Mind the gap: the national shortfall in childcare supply
Published: 6 Mar 2014
By Richard Dunstan, Policy & Parliamentary Campaigns Officer
In recent months, barely a week has gone by without the announcement of new research or survey findings on the ever-rising cost of childcare.
In January, it was Mumsnet and the Resolution Foundation, with joint research revealing that the high cost of childcare is a barrier to work for 64% of non-working mothers. Then, last month, it was think tank IPPR, with a report suggesting that half a million mothers of young children may be “missing” from the UK workforce because of unaffordable and inflexible childcare. And earlier this week the Family & Childcare Trust released the latest findings from its authoritative annual survey of childcare costs and supply.
Most if not all of the media coverage of the 2014 survey that I saw focussed on the Trust’s finding that the average cost for a family with two children needing full-time childcare amounts to “a staggering £11,700 a year, 62 per cent higher than the average UK mortgage”. And, for sure, the 27 per cent increase in this figure since 2009, and the Trust’s finding that “most parents buying full-time care contribute 20-30 per cent of their gross income on childcare”, gives ministers and shadow ministers plenty of food for thought.
But it was a section towards the back of the Trust’s report, on the overall supply of childcare, that most caught my eye. Under the Childcare Act 2006, local authorities in England & Wales are legally obliged to ensure sufficient childcare provision for working parents and those undertaking training or education with the intention of returning to work. Yet, according to the Trust’s survey, only one in two English local authorities, and just one in five Welsh local authorities, report sufficient childcare for children aged two or under. Put another way, many local authorities are failing in their legal duties and – as the Trust notes – are “not being held to account for this”.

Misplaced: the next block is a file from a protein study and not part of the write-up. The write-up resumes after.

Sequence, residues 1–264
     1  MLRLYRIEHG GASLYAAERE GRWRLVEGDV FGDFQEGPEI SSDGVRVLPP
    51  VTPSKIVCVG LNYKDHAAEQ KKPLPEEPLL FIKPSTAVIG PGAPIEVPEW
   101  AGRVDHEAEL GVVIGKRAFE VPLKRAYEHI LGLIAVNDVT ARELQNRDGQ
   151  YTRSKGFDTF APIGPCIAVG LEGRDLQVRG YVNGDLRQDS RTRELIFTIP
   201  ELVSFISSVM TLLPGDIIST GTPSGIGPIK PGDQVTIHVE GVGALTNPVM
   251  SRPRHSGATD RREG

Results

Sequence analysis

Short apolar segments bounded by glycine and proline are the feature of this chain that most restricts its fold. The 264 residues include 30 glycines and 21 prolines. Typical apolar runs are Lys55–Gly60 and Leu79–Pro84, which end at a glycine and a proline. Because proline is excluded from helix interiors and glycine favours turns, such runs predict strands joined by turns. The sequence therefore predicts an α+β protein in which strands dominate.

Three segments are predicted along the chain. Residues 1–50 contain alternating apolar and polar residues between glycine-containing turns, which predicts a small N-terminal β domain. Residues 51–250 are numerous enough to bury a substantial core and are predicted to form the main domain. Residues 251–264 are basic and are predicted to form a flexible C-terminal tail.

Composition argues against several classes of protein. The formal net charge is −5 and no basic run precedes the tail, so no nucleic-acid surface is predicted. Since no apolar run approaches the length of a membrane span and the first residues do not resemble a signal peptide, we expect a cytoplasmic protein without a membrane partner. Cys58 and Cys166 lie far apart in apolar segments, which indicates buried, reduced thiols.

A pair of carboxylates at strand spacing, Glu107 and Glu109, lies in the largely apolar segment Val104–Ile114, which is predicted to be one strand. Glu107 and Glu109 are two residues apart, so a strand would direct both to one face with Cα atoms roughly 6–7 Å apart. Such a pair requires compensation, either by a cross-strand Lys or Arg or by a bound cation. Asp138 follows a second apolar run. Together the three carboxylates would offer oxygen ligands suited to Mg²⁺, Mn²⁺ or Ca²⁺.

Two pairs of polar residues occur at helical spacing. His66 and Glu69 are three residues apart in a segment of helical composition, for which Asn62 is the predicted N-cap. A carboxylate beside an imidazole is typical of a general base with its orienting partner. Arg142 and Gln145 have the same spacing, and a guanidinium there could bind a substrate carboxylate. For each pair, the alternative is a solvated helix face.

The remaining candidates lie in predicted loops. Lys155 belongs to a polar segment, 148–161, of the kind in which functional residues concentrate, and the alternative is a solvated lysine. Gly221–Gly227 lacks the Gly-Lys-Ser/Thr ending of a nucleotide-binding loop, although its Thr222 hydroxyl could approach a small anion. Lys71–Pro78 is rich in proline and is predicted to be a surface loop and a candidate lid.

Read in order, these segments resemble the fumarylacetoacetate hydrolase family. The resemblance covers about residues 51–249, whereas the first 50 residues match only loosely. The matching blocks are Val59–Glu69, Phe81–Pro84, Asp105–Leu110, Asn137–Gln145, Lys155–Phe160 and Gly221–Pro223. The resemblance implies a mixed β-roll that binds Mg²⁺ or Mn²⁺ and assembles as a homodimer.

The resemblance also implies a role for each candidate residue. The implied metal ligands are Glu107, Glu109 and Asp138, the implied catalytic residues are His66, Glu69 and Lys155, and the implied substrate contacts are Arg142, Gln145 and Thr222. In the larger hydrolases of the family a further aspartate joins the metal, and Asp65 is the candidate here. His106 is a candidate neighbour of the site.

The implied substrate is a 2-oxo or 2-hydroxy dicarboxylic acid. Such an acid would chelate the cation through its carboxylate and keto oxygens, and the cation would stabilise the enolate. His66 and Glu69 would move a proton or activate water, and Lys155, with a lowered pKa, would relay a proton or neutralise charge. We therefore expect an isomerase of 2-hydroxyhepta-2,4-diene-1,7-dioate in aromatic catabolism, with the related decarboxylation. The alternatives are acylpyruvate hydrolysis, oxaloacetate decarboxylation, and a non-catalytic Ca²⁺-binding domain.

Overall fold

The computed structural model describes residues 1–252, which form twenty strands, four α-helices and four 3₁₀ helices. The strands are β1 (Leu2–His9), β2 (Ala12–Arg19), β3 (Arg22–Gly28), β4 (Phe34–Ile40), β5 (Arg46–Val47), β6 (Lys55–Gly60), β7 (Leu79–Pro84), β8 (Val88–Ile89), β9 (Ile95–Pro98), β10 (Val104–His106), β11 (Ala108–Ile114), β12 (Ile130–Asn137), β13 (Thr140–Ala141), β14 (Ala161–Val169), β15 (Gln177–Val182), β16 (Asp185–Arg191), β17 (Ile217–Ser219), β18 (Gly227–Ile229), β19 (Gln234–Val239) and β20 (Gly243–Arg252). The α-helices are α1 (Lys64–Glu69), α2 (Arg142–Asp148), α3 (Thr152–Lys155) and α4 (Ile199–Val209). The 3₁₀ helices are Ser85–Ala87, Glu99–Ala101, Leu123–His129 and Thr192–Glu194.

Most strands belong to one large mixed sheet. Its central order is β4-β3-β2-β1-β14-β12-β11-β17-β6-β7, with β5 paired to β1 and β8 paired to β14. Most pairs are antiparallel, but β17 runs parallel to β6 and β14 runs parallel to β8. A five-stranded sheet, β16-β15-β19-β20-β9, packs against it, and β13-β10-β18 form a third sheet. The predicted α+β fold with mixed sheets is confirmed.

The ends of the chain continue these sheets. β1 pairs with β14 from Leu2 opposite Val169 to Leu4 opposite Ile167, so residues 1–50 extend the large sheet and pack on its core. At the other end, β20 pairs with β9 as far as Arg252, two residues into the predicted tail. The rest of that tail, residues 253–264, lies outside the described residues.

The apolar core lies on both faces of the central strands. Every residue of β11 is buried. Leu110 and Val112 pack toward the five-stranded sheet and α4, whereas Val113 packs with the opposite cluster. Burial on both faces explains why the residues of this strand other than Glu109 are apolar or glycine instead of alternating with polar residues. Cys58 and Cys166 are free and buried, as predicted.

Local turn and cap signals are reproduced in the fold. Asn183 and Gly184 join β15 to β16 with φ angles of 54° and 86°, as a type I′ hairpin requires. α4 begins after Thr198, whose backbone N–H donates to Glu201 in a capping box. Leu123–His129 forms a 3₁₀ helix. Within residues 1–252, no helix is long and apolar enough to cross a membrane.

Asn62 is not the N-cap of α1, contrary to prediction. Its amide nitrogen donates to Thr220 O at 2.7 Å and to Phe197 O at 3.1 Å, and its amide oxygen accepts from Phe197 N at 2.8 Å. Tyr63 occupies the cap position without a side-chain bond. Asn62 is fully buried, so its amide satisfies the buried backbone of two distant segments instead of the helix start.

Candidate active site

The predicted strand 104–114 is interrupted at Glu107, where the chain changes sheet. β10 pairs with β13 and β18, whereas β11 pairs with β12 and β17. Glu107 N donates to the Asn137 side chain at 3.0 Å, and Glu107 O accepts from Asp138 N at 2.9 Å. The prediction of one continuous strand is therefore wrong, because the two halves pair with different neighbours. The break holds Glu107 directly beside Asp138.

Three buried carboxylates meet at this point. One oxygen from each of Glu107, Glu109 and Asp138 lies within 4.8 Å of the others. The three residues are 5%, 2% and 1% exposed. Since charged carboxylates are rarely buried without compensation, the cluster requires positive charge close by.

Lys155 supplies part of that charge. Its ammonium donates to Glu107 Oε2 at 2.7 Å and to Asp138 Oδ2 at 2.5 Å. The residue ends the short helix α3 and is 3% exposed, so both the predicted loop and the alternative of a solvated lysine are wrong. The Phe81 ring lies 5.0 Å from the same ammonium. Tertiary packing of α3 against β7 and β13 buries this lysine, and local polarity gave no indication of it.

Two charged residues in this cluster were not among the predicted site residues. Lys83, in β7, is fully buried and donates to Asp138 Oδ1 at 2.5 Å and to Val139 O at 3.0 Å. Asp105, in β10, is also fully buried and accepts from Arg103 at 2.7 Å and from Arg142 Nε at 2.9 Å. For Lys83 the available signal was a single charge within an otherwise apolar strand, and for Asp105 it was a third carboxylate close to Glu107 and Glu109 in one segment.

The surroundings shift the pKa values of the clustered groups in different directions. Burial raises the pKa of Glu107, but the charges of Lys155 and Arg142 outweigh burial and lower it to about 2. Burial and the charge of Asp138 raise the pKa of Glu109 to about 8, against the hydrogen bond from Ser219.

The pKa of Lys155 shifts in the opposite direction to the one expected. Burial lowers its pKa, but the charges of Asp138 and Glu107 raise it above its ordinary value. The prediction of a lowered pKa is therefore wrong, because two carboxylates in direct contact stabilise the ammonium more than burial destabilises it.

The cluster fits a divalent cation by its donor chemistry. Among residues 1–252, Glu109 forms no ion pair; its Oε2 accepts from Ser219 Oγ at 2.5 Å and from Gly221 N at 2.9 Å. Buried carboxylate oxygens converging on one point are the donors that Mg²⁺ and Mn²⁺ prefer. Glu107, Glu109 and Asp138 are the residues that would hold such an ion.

Worse still, only 28 per cent of English local authorities, and just six per cent of Welsh local authorities, report sufficient childcare for disabled children. Across England, Wales and Scotland, just one in four local authorities report sufficient childcare for disabled children. No wonder then, that only 16 per cent of mothers of a disabled child are in paid work, compared to more than 60 per cent of mothers generally.
By coincidence, on the same day that the Trust published these survey findings, what this actually means for parents of a disabled child was illustrated with force and humour in a brilliant blog post by Sarah Ricketts, mother to “a lovely non-toddling toddler with an undiagnosed genetic condition”. In an ‘open letter’ to Education Secretary Michael Gove, Sarah writes:
I worked long and hard to get a career [as a corporate fundraiser] that I care about. It enabled me to give my son financial stability and a plan for the future. It enabled me to have time away from the immense responsibility of being a ‘carer’. It gave me a chance to miss him and remind me how very precious our time together is. But despite an epic battle to rival Waterloo, I have had to leave my job. Why? Because there was absolutely zero affordable childcare option available to me, even on a three day per week basis. This is purely because of my son’s disabilities.
As Sarah concludes, this is “just not right”. But it’s also a false economy. The UK economy needs women like Sarah to remain in the labour market, rather than fall back on benefits, if it is to recover from the worst recession in living memory. As the shadow equalities minister, Baroness (Glenys) Thornton rightly notes today, “we need to address the role of government in making it easier and more equitable for women to work, and how it matches up to those challenges”.
But is anyone in this Government – or the next one – going to hold those failing local authorities to account? And will they provide the necessary funding to enable local authorities to meet their legal obligations?
If you’re a minister or shadow minister and you’re reading this, do feel free to give your answer in the comment box below.